In March 1941, Virginia Woolf filled her pockets with stones and drowned herself in England’s River Ouse. Her body was found three weeks later. What seemed like a tragic ending at the time was, in fact, just the beginning of a mystery. . . .
Six decades after Virginia Woolf’s death, landscape designer Jo Bellamy has come to Sissinghurst Castle for two reasons: to study the celebrated White Garden created by Woolf’s lover Vita Sackville-West and to recover from the terrible wound of her grandfather’s unexplained suicide. In the shadow of one of England’s most famous castles, Jo makes a shocking find: Woolf’s last diary, its first entry dated the day after she allegedly killed herself.
If authenticated, Jo’s discovery could shatter everything historians believe about Woolf’s final hours. But when the Woolf diary is suddenly stolen, Jo’s quest to uncover the truth will lead her on a perilous journey into the tumultuous inner life of a literary icon whose connection to the White Garden ultimately proved devastating.
Rich with historical detail, The White Garden is an enthralling novel of literary suspense that explores the many ways the past haunts the present–and the dark secrets that lurk beneath the surface of the most carefully tended garden.
From the Trade Paperback edition.
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|Title of Romance eBook: The White Garden|
|Release Date: 09-29-2009|
|Allowed Countries (hover)|
|Publisher: Random House Publishing Group|
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|Parent title||The White Garden|
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The White Garden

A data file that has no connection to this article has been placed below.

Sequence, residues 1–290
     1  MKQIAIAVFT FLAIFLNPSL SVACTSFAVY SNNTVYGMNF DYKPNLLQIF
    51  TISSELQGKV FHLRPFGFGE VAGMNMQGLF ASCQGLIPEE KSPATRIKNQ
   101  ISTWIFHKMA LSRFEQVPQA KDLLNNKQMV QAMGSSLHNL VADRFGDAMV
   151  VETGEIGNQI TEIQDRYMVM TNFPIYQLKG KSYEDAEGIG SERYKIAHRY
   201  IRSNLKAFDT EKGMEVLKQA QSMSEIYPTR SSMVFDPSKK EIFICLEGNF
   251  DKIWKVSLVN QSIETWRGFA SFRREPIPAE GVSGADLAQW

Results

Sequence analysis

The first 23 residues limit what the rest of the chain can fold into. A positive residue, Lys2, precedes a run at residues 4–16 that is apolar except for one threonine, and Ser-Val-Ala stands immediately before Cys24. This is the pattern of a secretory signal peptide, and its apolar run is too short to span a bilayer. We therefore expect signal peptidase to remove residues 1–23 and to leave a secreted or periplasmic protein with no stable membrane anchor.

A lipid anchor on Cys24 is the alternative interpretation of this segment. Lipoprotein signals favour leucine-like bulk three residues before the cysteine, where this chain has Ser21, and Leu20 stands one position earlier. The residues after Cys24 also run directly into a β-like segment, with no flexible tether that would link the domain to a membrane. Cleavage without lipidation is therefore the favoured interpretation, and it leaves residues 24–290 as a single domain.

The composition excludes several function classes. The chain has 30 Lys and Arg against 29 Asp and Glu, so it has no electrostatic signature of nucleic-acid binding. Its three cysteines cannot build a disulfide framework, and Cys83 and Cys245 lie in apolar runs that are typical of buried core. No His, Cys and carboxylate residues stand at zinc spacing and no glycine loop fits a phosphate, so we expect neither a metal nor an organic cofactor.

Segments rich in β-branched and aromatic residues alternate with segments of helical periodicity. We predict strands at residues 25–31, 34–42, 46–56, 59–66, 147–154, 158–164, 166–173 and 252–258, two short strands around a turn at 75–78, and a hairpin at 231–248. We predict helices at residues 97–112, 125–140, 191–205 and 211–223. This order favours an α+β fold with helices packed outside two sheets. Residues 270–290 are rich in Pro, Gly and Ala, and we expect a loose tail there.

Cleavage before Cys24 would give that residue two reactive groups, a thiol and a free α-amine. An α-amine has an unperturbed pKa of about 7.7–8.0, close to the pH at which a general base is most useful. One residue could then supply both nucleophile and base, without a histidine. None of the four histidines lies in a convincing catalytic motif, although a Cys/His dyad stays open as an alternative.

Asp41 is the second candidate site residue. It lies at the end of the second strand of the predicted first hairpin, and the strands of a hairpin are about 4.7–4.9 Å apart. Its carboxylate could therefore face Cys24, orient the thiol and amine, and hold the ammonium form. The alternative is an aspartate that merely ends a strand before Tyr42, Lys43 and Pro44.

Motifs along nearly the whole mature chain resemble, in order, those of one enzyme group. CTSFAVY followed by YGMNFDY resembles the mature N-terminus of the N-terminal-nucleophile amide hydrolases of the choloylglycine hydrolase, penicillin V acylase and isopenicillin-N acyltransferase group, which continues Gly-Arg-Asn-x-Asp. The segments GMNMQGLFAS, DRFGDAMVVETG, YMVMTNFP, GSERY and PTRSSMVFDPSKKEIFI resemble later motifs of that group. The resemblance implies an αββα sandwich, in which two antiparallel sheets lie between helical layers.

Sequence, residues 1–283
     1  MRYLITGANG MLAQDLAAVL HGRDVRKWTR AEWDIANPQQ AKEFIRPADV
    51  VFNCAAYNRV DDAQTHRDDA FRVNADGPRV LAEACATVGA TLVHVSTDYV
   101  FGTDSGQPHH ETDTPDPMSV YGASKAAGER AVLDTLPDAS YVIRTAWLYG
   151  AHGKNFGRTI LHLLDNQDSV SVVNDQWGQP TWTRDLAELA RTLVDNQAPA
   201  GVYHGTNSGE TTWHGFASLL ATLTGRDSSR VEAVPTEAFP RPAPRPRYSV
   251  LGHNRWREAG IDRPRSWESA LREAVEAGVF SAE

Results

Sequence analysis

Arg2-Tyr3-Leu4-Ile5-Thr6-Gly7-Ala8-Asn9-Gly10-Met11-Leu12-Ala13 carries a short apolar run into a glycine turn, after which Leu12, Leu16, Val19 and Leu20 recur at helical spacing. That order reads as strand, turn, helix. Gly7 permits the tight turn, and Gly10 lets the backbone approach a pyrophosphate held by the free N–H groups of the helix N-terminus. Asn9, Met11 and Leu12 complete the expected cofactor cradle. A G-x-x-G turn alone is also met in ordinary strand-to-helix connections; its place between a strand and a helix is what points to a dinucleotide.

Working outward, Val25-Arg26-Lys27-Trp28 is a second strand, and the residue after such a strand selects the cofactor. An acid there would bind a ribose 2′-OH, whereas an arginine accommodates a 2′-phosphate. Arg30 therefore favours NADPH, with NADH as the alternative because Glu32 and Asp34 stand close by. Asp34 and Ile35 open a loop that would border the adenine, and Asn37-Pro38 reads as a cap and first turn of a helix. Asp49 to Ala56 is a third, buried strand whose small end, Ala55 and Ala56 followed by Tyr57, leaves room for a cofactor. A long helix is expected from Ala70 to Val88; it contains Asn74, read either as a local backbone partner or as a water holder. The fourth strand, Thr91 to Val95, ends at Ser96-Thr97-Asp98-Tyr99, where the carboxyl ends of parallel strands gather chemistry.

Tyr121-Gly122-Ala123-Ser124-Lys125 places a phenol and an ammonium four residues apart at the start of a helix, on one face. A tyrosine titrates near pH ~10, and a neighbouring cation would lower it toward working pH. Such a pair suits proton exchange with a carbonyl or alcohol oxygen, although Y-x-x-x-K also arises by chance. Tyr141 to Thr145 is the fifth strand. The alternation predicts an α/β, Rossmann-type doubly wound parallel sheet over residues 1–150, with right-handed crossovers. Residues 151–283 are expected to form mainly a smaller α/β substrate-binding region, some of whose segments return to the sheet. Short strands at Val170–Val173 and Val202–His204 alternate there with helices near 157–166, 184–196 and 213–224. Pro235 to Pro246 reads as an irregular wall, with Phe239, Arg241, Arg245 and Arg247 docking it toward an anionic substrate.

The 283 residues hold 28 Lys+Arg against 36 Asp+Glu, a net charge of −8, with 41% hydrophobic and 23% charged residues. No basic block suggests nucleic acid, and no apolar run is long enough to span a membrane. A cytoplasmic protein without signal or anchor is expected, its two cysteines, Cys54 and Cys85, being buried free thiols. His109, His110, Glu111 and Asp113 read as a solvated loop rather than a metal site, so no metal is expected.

October 2008 Kent, England Jo Bellamy eased her rental car cautiously into the Slip Road roundabout, every fiber of her body braced for the shuddering crash that must surely come, and when it didn’t—when the circular bit of carriageway remained miraculously free of maddened English drivers on this late October morning—she darted a glance in the wrong direction, cursed softly, then searched over her left shoulder for the first available exit from this particular rung of hell. She was looking for something called the A262, which ought to lead straight to the castle, but after an hour and a half of descending from London’s Victoria Embankment through the Blackwall Tunnel, not to mention Margate and Maidstone, her patience was frayed and her calf muscles cramped. She was a brown-haired, crinkle-eyed American woman, thirty-four years of age, and this was her first visit to England—which sufficed to say that she had never driven on the left side of the road before. She had particularly never driven a stick-shift transmission on the left, and both her feet and her hands were disobeying her rational mind’s orders. She had stalled twice, clipped the left side of the car with an errant curb (or kerb, as they insisted on spelling it here), and was desperate for a stiff drink, although it was only eleven o’clock in the morning. If she did not find the castle soon, she intended to drive the darling little Mini straight into one of the massive oaks that lined the carriageway, and walk to Sissinghurst.
And then, quite suddenly, the tower rose up from the sheep pastures and tilled fields and she felt her pent-up breath exhale slowly from her lungs.